As the Trump administration takes aim at race-based college admissions policies, many of the country’s most competitive schools, including Ivy League universities, are struggling with an equally vexing problem: how to create more economic diversity on their campuses, giving strong students of modest means the same opportunities long available to children from the nation’s wealthiest families.
Selective colleges in Massachusetts and across the country have made some progress in expanding their ethnic and racial diversity. But when it comes to admitting and educating students from low-income families, many of these schools have made little headway — or fallen behind.
Even some schools that make generous financial aid available have trouble recruiting qualified applicants from among the country’s neediest families. In many cases, such schools aren’t even on those families’ radar. And many poorer students have limited access to SAT prepatory classes, private counselors, and the college-level coursework in high school that can put them on track for admission into a selective university.
“It seems to me that having a multiracial aristocracy is better than an all-white aristocracy, but it’s still an aristocracy,” said Richard Kahlenberg, a senior fellow at The Century Foundation who has advocated that colleges use socioeconomic factors in admissions. “Every university president will say, ‘We look for strivers and give them an advantage in admission.’ But the bottom line data suggests things haven’t changed.”
Nationally, 40 percent of undergraduates receive a Pell Grant, federal aid for students who come from lower-income families. But at the eight Ivy League institutions, Pell recipients accounted on average for just 16 percent of undergraduates, according to 2014 data published this summer. (At Harvard, that figure is 19.3 percent.)
Advocates for low-income students say these elite schools should aim for at least 20 percent.
The underrepresentation of Pell recipients isn’t just an Ivy League problem. Many selective schools, including Tufts University and Northeastern University, let in only a meager number of low-income students. At Tufts, the share of undergraduates who receive Pell aid has been about 11 percent in recent years. At Northeastern, 13 percent of about 13,200 undergrads came from low-income families, according to data compiled by Georgetown University’s Center on Education and the Workforce.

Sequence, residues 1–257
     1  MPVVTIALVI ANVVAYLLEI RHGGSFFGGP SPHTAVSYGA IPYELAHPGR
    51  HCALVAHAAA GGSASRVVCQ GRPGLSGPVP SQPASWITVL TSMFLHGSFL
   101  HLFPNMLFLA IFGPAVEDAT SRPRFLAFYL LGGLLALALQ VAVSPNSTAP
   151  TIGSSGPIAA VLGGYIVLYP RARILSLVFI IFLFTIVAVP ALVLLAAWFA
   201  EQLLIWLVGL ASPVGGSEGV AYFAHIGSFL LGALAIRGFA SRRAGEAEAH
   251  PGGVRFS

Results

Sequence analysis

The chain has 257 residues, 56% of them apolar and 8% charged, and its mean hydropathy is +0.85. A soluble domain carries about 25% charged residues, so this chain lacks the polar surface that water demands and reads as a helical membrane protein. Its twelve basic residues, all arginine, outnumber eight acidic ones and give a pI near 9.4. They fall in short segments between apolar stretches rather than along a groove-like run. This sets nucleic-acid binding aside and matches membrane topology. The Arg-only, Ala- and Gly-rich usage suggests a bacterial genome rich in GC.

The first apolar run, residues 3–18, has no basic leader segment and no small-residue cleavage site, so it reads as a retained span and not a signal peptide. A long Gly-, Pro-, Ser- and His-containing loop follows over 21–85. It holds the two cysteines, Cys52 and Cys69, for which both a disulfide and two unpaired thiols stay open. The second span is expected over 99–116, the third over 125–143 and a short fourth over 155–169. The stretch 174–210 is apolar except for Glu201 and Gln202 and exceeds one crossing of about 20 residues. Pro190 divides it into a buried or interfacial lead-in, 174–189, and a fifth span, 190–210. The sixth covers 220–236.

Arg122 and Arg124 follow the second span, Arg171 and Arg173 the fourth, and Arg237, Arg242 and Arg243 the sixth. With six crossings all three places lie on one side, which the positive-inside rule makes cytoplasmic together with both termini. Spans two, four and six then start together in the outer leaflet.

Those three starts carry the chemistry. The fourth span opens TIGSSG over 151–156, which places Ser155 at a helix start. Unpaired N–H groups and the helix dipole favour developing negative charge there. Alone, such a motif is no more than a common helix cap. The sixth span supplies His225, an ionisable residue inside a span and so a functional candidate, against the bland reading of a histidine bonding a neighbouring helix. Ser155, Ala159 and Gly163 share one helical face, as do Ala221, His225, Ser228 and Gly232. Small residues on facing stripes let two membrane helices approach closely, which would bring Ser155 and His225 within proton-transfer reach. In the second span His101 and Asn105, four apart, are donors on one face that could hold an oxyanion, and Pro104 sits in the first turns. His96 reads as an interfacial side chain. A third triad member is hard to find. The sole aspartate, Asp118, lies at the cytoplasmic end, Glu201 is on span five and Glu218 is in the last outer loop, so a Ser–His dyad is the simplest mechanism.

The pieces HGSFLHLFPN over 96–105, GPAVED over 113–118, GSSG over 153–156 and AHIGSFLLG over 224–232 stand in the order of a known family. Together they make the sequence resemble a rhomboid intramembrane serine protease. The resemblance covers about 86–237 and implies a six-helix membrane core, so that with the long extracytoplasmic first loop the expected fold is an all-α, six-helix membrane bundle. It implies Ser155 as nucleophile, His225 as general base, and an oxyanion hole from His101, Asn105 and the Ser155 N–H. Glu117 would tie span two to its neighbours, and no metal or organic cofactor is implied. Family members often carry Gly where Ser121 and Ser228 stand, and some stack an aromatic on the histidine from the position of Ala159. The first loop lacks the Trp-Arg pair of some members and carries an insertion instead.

That has happened despite the number of high school students seeking undergraduate degrees remaining high and an overall increase in Pell recipients.
Recent research from the Equality of Opportunity Project also indicates that some of the most competitive schools in America have enrolled more students from families at the top 1 percent of the income scale than from the entire bottom half of income-earners. In addition, at many selective schools the share of low-income students declined or remained flat between 1999 and 2013, according to tax data culled by the project, a collaboration of several noted economists.
Muna Mohamed, a 19-year-old student at Tufts, said she didn’t need to see the data to know about the wealth gap on her campus.
“You can see it,” said Mohamed, whose family moved to Lewiston, Maine, from Somalia. “It is apparent in the university how many students come from wealth.”
In the winter, the school is awash with undergraduates in Canada Goose parkas, which sell for nearly $1,000 apiece, she said, while she has to work two jobs to help pay for expenses not covered in her generous financial aid package.
Mohamed, who applied to Tufts on a whim and a desire to leave Maine for a more cosmopolitan experience, said many students from her public high school don’t even have the college on their list. They don’t bother, she said, because they think it’s too expensive, not realizing that the school offers significant financial aid and support to low-income students who get in. Or perhaps they have never touched base with a college recruiter, whose visits may not be well-publicized, she said.
“It’s not part of the culture much, so you don’t do it,” Mohamed said.
Officials from Tufts and other colleges said they are trying to reach more low-income students.Officials from Tufts and other colleges said they are trying to reach more low-income students.
Karen Richardson, dean of undergraduate admissions at Tufts, said the university concluded a $95 million scholarship fund-raising campaign last year that has allowed it to offer a record $21.7 million in need-based grants to the incoming first-year class.
Northeastern in the past decade has more than doubled its investment in financial aid. Officials there noted that the school does a better job than many of its peers in helping low-income students climb the economic ladder.
Other colleges are also expanding their recruiting efforts, making it easier for low-income students to apply, eliminating merit-based aid in favor of need-based financing, and ensuring that cost isn’t a barrier for families and students who would otherwise qualify. Some elite schools now pay to fly low-income high school students to campus to meet admissions officers.